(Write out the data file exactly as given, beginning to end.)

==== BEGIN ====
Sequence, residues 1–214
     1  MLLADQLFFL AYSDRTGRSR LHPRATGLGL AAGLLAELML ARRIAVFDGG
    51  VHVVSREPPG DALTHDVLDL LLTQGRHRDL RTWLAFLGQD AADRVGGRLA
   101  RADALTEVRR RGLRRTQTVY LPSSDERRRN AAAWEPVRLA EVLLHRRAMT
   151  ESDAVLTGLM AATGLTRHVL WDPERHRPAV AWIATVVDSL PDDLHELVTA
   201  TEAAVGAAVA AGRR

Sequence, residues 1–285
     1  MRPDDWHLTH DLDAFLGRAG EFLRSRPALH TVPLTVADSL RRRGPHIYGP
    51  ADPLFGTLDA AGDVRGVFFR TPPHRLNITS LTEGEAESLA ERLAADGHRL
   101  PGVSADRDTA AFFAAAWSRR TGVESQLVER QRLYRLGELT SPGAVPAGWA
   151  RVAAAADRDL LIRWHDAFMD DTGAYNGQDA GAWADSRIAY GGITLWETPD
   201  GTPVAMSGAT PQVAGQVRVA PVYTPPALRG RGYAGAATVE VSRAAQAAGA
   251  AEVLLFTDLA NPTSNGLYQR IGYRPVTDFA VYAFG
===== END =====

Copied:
Sequence, residues 1–214
     1  MLLADQLFFL AYSDRTGRSR LHPRATGLGL AAGLLAELML ARRIAVFDGG
    51  VHVVSREPPG DALTHDVLDL LLTQGRHRDL RTWLAFLGQD AADRVGGRLA
   101  RADALTEVRR RGLRRTQTVY LPSSDERRRN AAAWEPVRLA EVLLHRRAMT
   151  ESDAVLTGLM AATGLTRHVL WDPERHRPAV AWIATVVDSL PDDLHELVTA
   201  TEAAVGAAVA AGRR

Sequence, residues 1–285
     1  MRPDDWHLTH DLDAFLGRAG EFLRSRPALH TVPLTVADSL RRRGPHIYGP
    51  ADPLFGTLDA AGDVRGVFFR TPPHRLNITS LTEGEAESLA ERLAADGHRL
   101  PGVSADRDTA AFFAAAWSRR TGVESQLVER QRLYRLGELT SPGAVPAGWA
   151  RVAAAADRDL LIRWHDAFMD DTGAYNGQDA GAWADSRIAY GGITLWETPD
   201  GTPVAMSGAT PQVAGQVRVA PVYTPPALRG RGYAGAATVE VSRAAQAAGA
   251  AEVLLFTDLA NPTSNGLYQR IGYRPVTDFA VYAFG